A Systematic Review of Intravaginal Testosterone for the Treatment of Vulvovaginal Atrophy

Robin J. Bell, MBBS, PhD, MPH, FAFPHM; Farwa Rizvi, MBBS, MPH; Rakabul M. Islam, MPH, PhD; Susan R. Davis, MBBS, PhD, FRACP


Menopause. 2018;25(6):704-709. 

In This Article


To identify all clinical trials of intravaginal administration of testosterone for VVA, we searched Scopus, MEDLINE, EMBASE, and the Cochrane Library databases on July 26, 2017, using the key words testosterone and vagina*. We limited the search to human studies published in English and re-ran the search before the final selection. The bibliographies of all identified clinical trials, reviews, and commentaries were checked for other relevant trials. We included all studies that reported urogenital and sexual function symptom outcomes after intravaginal testosterone therapy. We excluded animal studies, reviews, commentaries, case studies, conference presentations, studies using nonvaginal administration, single-arm combined therapy, and studies in which neither urogenital nor sexual symptom outcomes were reported.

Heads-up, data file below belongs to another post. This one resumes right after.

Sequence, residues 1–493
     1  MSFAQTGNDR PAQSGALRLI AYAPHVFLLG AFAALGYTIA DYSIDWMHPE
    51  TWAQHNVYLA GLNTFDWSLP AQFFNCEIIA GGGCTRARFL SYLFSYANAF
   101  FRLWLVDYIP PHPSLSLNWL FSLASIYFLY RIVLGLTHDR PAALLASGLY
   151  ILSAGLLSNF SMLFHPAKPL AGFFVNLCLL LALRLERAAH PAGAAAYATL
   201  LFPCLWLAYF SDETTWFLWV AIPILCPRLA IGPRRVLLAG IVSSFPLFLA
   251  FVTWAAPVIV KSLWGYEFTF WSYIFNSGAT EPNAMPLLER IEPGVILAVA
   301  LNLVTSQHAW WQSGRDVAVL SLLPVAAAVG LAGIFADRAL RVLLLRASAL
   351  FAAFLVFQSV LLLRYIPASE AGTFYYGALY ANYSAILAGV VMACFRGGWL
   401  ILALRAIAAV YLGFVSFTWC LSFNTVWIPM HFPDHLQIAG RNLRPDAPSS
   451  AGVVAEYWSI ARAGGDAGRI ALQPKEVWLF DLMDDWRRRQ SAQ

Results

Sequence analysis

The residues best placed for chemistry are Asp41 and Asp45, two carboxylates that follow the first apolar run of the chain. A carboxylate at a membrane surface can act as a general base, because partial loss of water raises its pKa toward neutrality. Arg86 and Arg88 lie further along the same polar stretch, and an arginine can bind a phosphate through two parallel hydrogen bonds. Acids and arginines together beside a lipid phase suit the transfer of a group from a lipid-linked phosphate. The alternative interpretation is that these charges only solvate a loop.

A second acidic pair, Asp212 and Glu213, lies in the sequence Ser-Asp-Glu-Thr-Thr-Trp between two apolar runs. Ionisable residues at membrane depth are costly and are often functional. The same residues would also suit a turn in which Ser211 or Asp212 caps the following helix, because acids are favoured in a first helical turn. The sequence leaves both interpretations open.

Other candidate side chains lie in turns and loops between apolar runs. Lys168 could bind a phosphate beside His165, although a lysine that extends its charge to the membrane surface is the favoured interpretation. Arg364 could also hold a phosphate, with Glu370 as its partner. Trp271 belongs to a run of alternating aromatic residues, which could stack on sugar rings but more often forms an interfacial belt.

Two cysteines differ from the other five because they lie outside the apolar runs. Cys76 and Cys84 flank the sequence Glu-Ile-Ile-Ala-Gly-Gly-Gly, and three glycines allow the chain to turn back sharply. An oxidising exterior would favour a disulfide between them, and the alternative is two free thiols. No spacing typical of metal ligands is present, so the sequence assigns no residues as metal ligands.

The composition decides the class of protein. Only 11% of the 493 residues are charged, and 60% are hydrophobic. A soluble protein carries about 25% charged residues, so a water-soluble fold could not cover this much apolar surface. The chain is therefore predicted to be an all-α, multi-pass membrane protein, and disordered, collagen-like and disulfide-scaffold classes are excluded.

The initial titles retrieved through the search were independently screened by three review authors (FR, RMI, and RJB). The abstracts of the studies identified as potentially eligible were reviewed by RJB and SRD, and the data independently extracted and cross-checked by these two authors. The following data were extracted from each of the included studies: characteristics and number of participants, study design, type and dose of the intervention, study duration, outcome measures (particularly measures of vaginal health), and also blood levels of estradiol and testosterone. The quality of the studies was judged on the basis of having a control group, randomization, and blinding, and also the use of objective measures of outcome. The study outcomes included objective and subjective measures of VVA and sexual function. Due to the varied study designs, lack of a control or placebo group in three studies, and inconsistent outcome reporting, we were unable to undertake a meta-analysis. Our findings are reported in accordance with the Preferred Reporting Items for Systematic Reviews checklist.[14]